The sperm bank industry has been rapidly growing with profits to boot, according to an article published in the Financial Times this week.
There are a number of sperm bank clusters around the world, but one of the biggest is in Denmark, where sperm bank companies turn over huge profits each year in exchange for providing women from around the world with the opportunity to bear children.
Danish sperm banks earned US$152 million in 2012 alone, according to the consultancy Copenhagen Economics. The multinational giant Cryos International has its headquarters in Demark.
Sperm banks around the world have been thriving due to certain sociological trends, such as the “delayer boom” — the trend for women to put off having children until they reach an age at which their fertility is reduced — and the growing acceptance in many western societies of single-parent or same-sex families.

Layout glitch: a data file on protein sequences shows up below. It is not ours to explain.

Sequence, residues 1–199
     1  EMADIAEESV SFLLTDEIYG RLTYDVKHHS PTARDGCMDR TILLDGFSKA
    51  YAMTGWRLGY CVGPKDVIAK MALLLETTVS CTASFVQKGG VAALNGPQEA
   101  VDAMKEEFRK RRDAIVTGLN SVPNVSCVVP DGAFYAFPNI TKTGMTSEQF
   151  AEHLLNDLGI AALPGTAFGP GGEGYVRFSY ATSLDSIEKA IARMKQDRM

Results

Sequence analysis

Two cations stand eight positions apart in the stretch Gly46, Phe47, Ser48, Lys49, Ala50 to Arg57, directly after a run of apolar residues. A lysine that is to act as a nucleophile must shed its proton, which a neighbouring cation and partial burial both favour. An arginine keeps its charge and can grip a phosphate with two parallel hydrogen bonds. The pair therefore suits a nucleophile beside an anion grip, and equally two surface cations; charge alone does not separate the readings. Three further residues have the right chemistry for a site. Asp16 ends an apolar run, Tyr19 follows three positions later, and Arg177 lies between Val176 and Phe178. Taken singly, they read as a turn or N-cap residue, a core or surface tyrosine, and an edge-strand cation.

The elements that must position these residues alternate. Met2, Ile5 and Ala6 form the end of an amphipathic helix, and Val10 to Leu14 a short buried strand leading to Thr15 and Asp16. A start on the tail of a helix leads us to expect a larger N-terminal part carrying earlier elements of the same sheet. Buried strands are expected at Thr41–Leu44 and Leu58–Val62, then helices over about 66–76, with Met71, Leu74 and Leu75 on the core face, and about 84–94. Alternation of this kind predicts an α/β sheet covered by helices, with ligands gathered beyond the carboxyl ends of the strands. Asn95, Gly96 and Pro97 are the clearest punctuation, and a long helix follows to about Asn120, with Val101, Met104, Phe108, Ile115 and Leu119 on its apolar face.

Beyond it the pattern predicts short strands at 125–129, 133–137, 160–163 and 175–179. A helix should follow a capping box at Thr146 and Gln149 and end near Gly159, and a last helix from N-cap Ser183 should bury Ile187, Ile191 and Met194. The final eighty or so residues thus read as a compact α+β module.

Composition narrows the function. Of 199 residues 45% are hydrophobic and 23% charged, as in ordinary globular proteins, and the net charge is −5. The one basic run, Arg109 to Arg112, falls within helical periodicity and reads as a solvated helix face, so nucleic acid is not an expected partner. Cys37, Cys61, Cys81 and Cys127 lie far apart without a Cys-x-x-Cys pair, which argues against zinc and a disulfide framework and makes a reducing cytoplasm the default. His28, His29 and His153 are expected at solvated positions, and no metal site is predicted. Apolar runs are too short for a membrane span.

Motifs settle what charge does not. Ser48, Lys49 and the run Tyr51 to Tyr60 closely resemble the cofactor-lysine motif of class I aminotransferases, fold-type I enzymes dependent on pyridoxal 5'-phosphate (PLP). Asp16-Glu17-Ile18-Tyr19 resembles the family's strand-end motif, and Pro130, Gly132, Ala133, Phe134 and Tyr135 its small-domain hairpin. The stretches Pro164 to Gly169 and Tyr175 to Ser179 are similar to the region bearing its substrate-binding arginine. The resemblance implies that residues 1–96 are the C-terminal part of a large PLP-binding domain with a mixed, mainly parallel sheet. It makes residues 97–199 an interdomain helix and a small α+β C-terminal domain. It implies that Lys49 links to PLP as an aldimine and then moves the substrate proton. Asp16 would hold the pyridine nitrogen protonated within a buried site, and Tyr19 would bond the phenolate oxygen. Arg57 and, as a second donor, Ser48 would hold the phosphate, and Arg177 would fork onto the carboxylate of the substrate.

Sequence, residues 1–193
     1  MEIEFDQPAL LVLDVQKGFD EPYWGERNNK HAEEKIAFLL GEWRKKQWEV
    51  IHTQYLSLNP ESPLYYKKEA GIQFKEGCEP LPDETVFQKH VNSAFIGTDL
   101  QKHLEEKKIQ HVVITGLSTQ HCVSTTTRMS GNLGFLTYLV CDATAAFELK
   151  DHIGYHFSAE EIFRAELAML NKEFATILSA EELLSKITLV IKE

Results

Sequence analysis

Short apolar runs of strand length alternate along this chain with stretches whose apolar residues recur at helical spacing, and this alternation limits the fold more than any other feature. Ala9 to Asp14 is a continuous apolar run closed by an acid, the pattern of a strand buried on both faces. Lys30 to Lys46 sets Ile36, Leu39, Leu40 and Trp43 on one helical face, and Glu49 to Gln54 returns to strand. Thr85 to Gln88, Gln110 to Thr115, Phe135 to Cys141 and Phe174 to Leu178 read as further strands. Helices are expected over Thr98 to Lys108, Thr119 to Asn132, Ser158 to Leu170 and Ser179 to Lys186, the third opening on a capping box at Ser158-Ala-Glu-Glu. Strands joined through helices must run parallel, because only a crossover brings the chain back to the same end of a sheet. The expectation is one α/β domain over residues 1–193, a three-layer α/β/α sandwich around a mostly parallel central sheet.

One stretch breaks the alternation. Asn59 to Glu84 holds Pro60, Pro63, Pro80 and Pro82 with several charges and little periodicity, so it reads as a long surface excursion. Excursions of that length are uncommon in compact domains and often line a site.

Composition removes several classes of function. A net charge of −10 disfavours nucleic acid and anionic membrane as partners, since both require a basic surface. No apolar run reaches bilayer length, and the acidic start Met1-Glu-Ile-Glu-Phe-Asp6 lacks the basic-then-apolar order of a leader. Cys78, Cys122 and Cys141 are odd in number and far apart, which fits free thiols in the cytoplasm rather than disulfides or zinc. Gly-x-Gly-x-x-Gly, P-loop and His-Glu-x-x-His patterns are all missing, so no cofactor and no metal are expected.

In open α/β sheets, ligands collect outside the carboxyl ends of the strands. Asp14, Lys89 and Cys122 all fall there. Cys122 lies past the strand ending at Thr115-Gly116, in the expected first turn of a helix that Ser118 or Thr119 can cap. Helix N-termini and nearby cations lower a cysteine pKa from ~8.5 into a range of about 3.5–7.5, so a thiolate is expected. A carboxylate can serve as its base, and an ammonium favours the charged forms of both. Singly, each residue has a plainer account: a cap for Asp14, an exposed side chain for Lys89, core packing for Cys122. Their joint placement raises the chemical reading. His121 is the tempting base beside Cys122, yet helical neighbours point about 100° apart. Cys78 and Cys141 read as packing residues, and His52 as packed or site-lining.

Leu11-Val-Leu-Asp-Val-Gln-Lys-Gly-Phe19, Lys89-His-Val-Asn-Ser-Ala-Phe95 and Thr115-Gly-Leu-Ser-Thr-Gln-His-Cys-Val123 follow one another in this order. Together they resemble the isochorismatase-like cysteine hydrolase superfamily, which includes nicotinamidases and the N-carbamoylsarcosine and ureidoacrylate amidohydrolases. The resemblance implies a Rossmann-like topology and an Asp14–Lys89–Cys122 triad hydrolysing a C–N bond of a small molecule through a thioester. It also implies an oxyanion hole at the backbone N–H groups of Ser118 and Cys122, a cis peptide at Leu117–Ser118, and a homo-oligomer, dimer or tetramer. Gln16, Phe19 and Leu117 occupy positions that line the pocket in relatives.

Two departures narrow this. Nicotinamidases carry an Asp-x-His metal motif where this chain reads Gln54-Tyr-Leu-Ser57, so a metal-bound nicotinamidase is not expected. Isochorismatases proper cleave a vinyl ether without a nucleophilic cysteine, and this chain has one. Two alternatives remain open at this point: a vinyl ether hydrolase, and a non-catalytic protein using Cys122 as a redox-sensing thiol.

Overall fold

Most sperm donors chose to remain anonymous, and are paid nominal amounts for their donation. Sperm is sold at variable prices, depending among other factors on the amount of information available about the donor.
There are, however, concerns about a lack of regulation on sperm being shipped internationally. The number of children born to sperm donors could be much higher than authorities think, as there is no real way of accurately monitoring supply. Cryos and many of its US counterparts ship directly to women’s homes, which means women can self-inseminate and authorities might never find out.
Authorities are also concerned about the number of babies that a sperm donor could potentially father.
The views, opinions and positions expressed by these authors and blogs are theirs and do not necessarily represent that of the Bioethics Research Library and Kennedy Institute of Ethics or Georgetown University.